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Friday, November 14, 2014

Sherpa Cultural Center

 

Wow!  Another year of great productivity is behind us for The Himalayan Project, thanks in large part to your incredible interest and generosity!  Most of this past year has been spent on the planning and gathering of building materials for the Sherpa Cultural Center at the Chaurikharka School in the Mt. Everest region.  This in itself is a HUGE undertaking, not to be underestimated in any way, shape or form.  Because the town of Chaurikharka is accessible only by air or foot, it's impossible to call a local “Home Depot” and have the building supplies delivered in the blink of an eye when the project is ready to begin.  All the construction materials either come from the local environment, are flown up from Kathmandu on freight helicopters OR carried on a human back for 10 days to 2 weeks from Kathmandu.  Every building project is a labor of perseverance from start to finish.

 Each stone building block for the Sherpa Cultural Center has started out as part of a glacial boulder, chipped away by hand until more manageable stones can be carried to the building site and hand chiseled into cobblestone building blocks.  And each piece of lumber that frames the windows and doors and becomes the foundation for the roof starts out as a tree in the jungle that is cut down, stripped manually of it's bark and hand carried to the building site where a “carpenter” pit saws each board.  The corrugated sheets of metal roofing material have to be transported to the mountains from Kathmandu, usually carried on a porter's back.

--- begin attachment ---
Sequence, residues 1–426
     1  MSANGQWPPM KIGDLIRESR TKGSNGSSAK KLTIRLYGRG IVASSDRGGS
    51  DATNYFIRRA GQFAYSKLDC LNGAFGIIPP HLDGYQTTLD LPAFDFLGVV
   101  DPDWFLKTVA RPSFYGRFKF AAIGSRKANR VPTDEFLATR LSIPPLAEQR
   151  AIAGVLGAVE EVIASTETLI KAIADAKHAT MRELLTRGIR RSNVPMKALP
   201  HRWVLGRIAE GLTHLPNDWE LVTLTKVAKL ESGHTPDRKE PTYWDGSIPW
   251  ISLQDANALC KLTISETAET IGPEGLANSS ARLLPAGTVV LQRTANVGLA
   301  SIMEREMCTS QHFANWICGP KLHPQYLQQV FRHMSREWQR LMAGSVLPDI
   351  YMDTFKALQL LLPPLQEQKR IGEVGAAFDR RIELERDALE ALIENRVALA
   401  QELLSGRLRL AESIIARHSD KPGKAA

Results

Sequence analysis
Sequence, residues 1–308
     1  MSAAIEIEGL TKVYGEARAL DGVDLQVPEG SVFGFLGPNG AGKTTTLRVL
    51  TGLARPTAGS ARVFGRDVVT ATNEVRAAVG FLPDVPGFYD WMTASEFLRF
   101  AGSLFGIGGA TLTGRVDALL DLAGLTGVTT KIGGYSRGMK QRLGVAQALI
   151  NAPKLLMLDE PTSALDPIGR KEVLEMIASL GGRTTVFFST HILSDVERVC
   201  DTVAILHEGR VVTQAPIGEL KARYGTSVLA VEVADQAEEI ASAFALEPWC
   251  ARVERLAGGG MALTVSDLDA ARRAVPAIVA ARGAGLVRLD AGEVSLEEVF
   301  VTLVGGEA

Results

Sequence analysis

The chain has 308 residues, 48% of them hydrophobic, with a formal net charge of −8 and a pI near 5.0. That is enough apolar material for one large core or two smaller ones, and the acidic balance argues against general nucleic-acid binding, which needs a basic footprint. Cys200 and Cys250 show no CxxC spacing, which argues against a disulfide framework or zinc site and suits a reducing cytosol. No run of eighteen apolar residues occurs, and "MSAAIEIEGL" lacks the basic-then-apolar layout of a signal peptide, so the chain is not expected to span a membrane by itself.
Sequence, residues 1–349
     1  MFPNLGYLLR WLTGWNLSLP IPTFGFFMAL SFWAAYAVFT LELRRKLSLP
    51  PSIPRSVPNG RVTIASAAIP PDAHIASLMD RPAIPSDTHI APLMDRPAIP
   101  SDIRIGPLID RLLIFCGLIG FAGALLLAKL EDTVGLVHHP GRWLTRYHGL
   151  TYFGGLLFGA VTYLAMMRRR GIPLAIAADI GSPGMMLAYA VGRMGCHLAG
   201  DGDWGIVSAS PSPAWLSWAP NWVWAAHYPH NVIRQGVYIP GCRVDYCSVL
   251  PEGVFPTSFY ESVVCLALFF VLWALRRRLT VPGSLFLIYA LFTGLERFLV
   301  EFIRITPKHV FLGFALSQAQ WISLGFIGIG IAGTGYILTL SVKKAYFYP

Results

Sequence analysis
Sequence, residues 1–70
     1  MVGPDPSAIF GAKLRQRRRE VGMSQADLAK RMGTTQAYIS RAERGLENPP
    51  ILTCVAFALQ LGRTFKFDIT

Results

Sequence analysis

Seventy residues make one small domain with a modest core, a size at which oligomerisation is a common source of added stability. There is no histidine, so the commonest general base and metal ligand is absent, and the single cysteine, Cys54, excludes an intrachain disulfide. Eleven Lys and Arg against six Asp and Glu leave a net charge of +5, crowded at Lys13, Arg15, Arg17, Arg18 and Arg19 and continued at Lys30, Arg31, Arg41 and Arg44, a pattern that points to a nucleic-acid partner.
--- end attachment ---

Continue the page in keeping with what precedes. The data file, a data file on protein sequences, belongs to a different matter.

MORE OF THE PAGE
So this whole past year has been getting ready for the actual construction.  And certainly, not to be minimized, is the official Buddhist ceremony of blessing the building site and arranging for an auspicious time to begin the construction.  There has been a flurry of excitement and commitment in Chaurikharka, involving the students and community alike.  Since the Cultural Center will also house a small museum depicting the Sherpa heritage, many people are eager to donate family heirlooms to be put on display.  All of this involvement excites me tremendously as the community realizes that the inherent success of this project totally depends on THEIR participation, THEIR ownership and THEIR pride in our partnership.  This Sherpa community has come to the realization that  YES!, they do represent  something that  needs to be woven into the beautiful web of diversity that surrounds us all and this is their public statement of acknowledgment.

 So once again I write and ask for you to consider a contribution to The Himalayan Project.  As you know, all contributions are tax deductible.  Please remember to earmark your donation for The Himalayan Project as it passes through the Marion Institute.   After 15 years we have together helped to fulfill the dreams and aspirations for this community in the Himalayas.  Hope is ever vigilant as a commentary on the past and a promise for the future!   And who knows what effects might ripple out into the world......





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